A and H treatment roomOne of the main differences between Chinese medicine and Western medicine is that the Chinese medicine practitioner treats people rather than diseases. It is more concerned with the overall aspect of the patient’s health and the achievement of internal harmony and balance, not only a particular set of symptoms. Your practitioner will ask ‘Can Chinese medicine help this person?’ rather than ‘Can Chinese medicine help this ill-ness?’

Chinese medicine recognizes that although an illness has the same name it can arise from many different causes. For example, one person’s headache might come from too much Yang Qi in the Liver and someone else’s from the Kidney Qi being deficient. Different people’s complaints can have many different causes.

Common complaints:

Ask for advice for the followings:

Pain Related Disease:

  • Migraine, Neck and Back Pain, Frozen Shoulder, Tennis Elbow, Sciatica, Fibromyalgia, Bell’s Palsy, Trigeminal Neuralgia, Multiple Sclerosis (M.S.)

Mental and Emotional Health:

  • Stress, Depression, Anxiety, Insomnia.

Women’s Health:

  • IVF & Infertility, Irregular Periods, Painful Period, PCOS, Endometriosis, Fibroids, Menopause, Cystitis, Lower Urinary Tract Syndrom (LUTS)

Skin and Hair Problem:

  • Acne, Eczema, Alopecia, Fungal Infections, Psoriasis, Hair Loss, Herpes, Urticaria, Vitiligo.

Internal Disease:

  • Asthma, Hay-fever, Cold, High Blood Pressure, Diabetes, Tinnitus, Gastric Ulcer, Ulcerative Colitis, IBS, Haemorrhoids.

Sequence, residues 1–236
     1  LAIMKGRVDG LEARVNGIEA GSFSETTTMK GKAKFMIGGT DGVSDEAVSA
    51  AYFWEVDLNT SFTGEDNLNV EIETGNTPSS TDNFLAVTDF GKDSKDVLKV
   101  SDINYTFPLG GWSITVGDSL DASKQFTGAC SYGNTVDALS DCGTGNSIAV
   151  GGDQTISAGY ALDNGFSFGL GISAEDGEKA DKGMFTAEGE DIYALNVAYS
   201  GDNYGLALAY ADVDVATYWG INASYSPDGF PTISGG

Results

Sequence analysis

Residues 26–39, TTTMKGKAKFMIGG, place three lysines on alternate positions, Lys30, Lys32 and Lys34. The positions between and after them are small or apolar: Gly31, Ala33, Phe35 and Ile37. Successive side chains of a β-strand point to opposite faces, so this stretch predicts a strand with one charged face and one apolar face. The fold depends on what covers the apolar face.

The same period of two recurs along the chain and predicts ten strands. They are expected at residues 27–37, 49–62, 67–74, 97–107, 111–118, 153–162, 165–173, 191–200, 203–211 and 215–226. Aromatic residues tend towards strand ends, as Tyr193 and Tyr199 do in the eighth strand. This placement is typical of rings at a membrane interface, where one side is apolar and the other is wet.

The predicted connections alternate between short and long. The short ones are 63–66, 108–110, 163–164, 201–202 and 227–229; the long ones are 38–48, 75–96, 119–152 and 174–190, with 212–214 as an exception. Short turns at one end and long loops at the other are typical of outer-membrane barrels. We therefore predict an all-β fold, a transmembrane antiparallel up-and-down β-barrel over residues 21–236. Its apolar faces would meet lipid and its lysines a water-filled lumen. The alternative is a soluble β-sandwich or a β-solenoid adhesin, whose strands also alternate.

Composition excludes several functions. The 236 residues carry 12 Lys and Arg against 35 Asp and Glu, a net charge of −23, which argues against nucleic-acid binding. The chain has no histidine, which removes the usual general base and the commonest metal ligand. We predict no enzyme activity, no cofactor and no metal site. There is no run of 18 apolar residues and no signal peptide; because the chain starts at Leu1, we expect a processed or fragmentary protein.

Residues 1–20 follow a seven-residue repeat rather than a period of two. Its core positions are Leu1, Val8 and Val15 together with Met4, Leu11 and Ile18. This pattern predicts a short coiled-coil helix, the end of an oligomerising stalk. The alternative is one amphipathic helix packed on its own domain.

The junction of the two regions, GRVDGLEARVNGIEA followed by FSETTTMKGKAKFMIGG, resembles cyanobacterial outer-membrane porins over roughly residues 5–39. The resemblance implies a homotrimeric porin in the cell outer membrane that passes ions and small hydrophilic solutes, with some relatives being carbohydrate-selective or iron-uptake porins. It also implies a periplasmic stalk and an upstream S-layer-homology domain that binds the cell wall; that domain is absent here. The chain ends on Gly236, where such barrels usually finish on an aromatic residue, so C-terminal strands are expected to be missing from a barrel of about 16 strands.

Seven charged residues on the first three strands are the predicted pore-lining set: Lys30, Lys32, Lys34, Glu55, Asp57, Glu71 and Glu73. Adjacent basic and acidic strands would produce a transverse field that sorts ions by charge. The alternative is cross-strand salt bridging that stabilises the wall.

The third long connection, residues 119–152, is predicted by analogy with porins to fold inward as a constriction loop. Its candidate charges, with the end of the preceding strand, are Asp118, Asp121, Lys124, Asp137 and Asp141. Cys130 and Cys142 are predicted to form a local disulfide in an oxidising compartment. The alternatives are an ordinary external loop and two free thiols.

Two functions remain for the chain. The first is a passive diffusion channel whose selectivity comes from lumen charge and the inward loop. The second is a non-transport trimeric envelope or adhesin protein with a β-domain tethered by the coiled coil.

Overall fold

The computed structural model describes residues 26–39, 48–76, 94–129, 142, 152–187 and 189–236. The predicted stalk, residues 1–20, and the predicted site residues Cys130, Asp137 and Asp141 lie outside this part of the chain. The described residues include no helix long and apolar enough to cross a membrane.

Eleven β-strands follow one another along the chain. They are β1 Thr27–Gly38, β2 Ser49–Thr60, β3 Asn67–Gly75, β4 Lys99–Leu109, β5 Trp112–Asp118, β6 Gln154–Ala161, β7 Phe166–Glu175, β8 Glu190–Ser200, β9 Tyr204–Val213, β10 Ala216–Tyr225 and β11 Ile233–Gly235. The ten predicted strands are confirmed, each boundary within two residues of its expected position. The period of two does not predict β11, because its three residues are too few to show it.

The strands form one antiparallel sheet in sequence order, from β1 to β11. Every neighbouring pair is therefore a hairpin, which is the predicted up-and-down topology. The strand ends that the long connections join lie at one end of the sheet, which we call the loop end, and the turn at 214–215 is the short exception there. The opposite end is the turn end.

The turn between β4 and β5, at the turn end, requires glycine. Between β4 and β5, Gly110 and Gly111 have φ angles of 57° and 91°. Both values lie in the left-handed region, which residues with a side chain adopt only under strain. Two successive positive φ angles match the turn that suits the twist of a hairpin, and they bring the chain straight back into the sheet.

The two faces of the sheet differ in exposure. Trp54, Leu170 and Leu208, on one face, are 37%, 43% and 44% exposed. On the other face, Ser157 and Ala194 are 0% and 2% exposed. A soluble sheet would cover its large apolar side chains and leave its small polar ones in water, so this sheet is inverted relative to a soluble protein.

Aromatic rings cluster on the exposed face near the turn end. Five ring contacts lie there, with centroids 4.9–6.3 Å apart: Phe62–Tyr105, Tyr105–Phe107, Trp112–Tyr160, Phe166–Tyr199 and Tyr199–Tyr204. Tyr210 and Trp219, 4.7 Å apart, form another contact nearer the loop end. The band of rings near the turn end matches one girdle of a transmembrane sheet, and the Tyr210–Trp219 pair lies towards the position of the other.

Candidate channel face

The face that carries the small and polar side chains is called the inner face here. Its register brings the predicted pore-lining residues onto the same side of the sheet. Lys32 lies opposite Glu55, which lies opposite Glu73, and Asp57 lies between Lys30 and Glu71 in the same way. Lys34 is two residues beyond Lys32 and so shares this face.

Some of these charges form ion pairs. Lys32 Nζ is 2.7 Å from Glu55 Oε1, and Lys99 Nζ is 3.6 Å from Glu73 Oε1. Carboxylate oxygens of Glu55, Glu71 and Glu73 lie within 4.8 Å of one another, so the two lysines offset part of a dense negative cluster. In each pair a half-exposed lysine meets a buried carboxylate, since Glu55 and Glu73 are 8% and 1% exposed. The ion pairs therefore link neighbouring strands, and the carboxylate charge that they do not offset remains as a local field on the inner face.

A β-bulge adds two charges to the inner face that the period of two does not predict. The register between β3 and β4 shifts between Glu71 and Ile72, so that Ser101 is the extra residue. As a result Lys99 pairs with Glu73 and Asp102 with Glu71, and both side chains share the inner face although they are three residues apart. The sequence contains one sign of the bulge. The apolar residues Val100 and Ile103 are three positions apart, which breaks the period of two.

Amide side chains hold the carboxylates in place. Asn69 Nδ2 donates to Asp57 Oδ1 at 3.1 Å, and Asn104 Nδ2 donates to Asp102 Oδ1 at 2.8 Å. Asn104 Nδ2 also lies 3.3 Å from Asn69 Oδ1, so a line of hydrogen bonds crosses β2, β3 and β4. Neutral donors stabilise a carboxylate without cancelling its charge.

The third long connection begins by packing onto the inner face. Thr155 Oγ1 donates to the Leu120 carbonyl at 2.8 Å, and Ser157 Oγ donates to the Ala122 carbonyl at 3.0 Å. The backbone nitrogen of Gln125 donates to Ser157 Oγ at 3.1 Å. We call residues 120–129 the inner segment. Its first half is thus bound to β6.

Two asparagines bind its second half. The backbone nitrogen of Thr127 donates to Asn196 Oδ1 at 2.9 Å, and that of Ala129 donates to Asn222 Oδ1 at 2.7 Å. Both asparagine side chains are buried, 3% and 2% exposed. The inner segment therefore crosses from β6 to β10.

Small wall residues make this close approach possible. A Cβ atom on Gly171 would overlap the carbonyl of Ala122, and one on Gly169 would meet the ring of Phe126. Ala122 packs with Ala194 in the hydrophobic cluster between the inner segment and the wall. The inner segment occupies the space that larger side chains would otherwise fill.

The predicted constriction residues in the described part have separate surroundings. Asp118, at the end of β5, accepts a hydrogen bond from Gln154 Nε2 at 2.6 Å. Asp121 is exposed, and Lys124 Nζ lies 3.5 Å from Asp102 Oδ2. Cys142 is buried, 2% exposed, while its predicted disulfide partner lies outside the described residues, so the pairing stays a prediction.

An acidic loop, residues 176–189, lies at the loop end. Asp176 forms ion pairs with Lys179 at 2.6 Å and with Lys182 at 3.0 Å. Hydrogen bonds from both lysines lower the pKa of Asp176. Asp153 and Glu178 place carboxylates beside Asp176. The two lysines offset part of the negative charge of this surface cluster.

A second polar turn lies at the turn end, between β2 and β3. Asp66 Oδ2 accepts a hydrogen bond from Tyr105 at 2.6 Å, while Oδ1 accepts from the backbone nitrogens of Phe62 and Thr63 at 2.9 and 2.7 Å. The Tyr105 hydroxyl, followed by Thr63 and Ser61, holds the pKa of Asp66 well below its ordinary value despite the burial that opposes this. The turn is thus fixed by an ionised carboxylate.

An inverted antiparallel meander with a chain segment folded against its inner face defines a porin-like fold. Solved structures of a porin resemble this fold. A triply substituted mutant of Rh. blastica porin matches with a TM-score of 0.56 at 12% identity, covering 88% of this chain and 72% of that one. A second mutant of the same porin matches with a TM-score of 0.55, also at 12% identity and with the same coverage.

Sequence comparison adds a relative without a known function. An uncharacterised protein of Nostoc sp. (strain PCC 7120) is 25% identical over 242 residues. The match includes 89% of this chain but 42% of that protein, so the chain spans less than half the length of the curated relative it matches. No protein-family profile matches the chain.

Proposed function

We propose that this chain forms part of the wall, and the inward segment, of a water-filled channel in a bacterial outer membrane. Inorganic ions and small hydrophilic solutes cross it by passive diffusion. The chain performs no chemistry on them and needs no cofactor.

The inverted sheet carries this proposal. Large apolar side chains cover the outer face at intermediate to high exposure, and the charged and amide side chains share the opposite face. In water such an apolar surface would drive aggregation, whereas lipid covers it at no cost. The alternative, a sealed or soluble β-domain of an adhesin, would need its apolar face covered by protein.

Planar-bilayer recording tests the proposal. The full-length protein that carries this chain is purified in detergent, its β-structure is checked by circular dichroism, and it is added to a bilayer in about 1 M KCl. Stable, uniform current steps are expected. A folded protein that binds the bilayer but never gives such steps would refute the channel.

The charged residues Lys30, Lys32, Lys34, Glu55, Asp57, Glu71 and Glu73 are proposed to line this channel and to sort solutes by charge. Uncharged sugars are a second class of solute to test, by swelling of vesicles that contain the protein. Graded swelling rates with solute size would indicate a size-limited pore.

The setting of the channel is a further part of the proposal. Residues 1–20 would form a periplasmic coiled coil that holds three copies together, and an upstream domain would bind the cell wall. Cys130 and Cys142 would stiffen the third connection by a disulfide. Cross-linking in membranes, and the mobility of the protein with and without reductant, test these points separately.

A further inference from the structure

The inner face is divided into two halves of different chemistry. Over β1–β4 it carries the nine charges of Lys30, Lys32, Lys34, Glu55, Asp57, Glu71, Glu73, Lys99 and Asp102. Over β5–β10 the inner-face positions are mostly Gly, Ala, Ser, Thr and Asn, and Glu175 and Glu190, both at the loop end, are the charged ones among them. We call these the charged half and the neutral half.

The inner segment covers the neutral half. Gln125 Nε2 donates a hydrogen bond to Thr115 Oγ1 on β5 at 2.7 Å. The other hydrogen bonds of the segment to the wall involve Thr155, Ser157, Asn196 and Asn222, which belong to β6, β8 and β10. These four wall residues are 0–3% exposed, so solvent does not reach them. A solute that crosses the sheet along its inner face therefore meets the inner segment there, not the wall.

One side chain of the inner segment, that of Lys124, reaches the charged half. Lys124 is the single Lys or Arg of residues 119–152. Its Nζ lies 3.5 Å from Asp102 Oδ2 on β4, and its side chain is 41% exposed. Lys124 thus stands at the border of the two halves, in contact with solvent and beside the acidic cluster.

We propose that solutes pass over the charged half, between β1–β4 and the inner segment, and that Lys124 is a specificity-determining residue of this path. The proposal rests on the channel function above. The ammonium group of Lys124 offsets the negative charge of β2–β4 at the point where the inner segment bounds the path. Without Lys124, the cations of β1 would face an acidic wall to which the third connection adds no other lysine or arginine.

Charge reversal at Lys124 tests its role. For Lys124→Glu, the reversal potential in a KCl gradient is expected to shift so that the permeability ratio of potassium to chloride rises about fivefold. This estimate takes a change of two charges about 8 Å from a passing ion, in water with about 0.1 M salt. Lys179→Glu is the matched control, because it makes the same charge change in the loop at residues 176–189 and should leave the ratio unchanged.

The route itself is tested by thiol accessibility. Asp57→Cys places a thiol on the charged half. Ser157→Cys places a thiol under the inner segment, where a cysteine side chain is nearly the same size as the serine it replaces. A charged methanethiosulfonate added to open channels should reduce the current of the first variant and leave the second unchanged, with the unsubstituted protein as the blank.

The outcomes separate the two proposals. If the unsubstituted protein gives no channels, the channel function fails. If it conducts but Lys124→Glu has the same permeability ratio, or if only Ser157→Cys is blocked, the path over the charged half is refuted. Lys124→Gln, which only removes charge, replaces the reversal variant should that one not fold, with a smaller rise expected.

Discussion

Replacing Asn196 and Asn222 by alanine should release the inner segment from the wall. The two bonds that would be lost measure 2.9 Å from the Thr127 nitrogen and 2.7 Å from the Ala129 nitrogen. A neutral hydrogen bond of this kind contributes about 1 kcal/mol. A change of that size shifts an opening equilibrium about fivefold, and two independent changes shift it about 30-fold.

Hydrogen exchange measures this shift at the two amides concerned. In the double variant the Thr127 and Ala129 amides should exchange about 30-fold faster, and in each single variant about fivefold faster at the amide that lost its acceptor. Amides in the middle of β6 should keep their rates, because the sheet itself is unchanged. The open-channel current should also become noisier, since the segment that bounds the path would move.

Man’s Health:

  • Low Sperm Count, Impotence, Premature Ejaculation, Prostatitis, Sex Drive Problems, STD.

General Problem and Addictives:

  • Slimming, Smoking, Alcohol, Drugs.

Treating Degenerative Conditions

If a patient has a chronic and degenerative condition such as multiple sclerosis, muscular dystrophy or Parkinson’s disease, their practitioner might tell them what she or he thinks treatment could achieve. Sometimes, although treatment may not give a complete cure, it can help a patient to feel more comfortable and to cope better with the complaint.

How does your practitioner choose treatments?

During this first consultation, your practitioner will ask you lots of questions about yourself. These questions involve such things as your sleep, appetite, bowel movement, perspiration and what you like or dislike. Although these may seem irrelevant, they enable your practitioner to make a holistic and individual diagnosis of you.

As well as asking you these questions, your practitioner will carry out a physical examination. During this, she or he will feel your pulses and look at your tongue.

The practitioner will be diagnosing the underlying cause of your problem. Your treatments, which depend on your complaints, the age and the overall health are made to measure especially for you.